Nothing to do with me.

My Mum took to old age like a duck to water. She seemed to revel in people helping her across the road, and driving at twenty miles per hour, and gossiping about how awful prices are these days while queuing at the post office. Days scrawled from the calendar, spent feeding pigeons, scouring the Radio Times. Knitting needles and games of Bridge. Didn’t even try to dye away the grey.

I wish I knew how she did it.

Do you know what despair is? Despair is a brown settee that you thought looked nice in the eighties, and now it’s... what? What do they even call this? The Tweens? It's pretty stupid name for an era. No gravitas. Anyway, it’s now, and you realise it didn’t look good then, this settee, and it certainly doesn’t today, all threadbare and dated and held together with stains. And you have photos of you sat on it, all young, and trim, and pretty, and smiling, and now you sink into it far too deeply, and you sigh when you sit down, and you sigh when you get up. Then you look at your bank balance, and realise that you’ll probably die in that settee. Surrounded by a pile of ironing, half done, the cold dregs of a cup of tea, and the whittled out corpse of this week’s local news. That’s despair. This settee is destined to outlive me.

They’re up to something outside. I try my best to ignore it these days. I used to be like a meerkat, twitching at the curtains, alarmed at every noise, but the thing is whatever they’re going to do, they’ll do it whether you watch them or not. Makes no odds. If they see you watching though…

I’ll just drink it black. Decision made.

Do you know what I would do, if I could get my hands on a copy of my life story? I’d write in a new bathroom. Scrawl it in the margins. I don’t care how it happens, deus ex machina, fairy godmother, winning a competition I don’t remember entering, just as long as it appears. When we got our bathroom fitted, way back when, I thought it looked lovely. All new, and shiny, and smelling of… well, plastic, but new plastic. It’s the colour of old men that smoke too much. I noticed that when visiting the hospital ward one day, when Dave was in there. Long time ago now.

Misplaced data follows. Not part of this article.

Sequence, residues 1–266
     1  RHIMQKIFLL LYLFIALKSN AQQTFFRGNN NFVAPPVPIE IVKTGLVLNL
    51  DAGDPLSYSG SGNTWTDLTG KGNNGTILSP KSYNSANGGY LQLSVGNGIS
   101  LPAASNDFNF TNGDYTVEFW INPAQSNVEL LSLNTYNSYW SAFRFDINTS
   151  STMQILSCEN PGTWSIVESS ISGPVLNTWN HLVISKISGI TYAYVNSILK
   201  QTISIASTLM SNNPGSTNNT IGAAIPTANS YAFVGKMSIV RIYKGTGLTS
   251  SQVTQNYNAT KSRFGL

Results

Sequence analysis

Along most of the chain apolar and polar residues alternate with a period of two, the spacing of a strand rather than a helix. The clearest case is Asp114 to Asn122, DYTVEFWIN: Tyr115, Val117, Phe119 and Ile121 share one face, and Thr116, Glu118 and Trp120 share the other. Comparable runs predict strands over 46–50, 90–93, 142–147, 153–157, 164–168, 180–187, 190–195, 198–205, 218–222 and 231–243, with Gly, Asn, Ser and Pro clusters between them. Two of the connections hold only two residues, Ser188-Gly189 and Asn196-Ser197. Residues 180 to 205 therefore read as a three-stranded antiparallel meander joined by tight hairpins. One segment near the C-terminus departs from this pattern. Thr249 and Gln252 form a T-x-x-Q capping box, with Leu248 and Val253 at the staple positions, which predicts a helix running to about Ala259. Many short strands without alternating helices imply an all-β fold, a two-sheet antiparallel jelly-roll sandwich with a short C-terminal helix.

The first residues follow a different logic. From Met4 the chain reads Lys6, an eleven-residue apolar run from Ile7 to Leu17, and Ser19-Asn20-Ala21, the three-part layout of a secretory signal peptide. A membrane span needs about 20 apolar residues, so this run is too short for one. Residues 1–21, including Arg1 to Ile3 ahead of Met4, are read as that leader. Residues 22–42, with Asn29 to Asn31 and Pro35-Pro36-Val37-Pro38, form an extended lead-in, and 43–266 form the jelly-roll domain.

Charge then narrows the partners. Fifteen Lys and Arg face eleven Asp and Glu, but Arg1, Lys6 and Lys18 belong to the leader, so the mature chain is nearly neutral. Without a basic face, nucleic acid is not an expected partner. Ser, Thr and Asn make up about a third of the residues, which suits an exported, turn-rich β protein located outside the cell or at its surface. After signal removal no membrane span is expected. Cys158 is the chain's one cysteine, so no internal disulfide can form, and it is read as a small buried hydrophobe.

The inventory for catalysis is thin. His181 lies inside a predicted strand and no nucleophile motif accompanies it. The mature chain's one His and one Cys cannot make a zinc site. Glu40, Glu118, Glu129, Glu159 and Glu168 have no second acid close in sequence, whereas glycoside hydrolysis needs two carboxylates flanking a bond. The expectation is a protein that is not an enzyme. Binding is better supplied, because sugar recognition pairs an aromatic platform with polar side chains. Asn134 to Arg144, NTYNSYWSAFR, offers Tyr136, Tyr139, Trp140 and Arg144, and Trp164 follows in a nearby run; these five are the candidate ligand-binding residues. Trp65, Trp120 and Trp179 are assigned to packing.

He’s better now. Well, I say better, and that’s probably not the right word. He’s not sickly anymore. Gave me a real fright, he did, when they had to take him into hospital. Poor bugger. Stuck in that ward, old gents crying behind thin curtains, food all grey like a miserable day, and you’re not even allowed flowers, not these days. Infection risk, apparently. He came home, in the end, but at the same time, he didn’t. Not all of him. Sleeps a lot, now. Sleeps most of the time. Think he just likes to break his day down into smaller chunks. Dilute his life with dreams.

Me? I study the ceiling. The two of us, lying like book ends in bed, while I watch car lights bounce through the gaps in the curtain.

Listen to occasional sirens trailing through the air, the edges blunted by glass between us, waiting, reaching, for sleep that never comes. Like trying to grasp handfuls of breeze.

Maybe it’s all the tea.

I confronted them once. Those kids. They were sat on my car, smoking, and I asked them to move on. I wasn’t rude, but I was firm. It’s my car, not a bench. Mine. They swore at me, called me all sorts, nose to nose, but they left.

That night my car windows were smashed. You live and learn. I’ve given up calling the police now. Given up repairing the car. I cried the first time, the second, maybe even the third. Not now. No tears left. Mentally dehydrated. I’ve had that side mirror smashed off so many times, I just leave it, hanging there like a broken limb. Dave threatened to keep watch one night, but I wouldn’t let him. You read in the paper, all the time, about what happens to people that do that. Not worth the risk.

Besides, he’d probably just fall asleep. Catch his death out there, hidden in a hedge.

Makes you sad though. Sat in a quiet home, flinching at each noise outside.

Not even sad. Broken. Like toys with no batteries. Dumped in a box.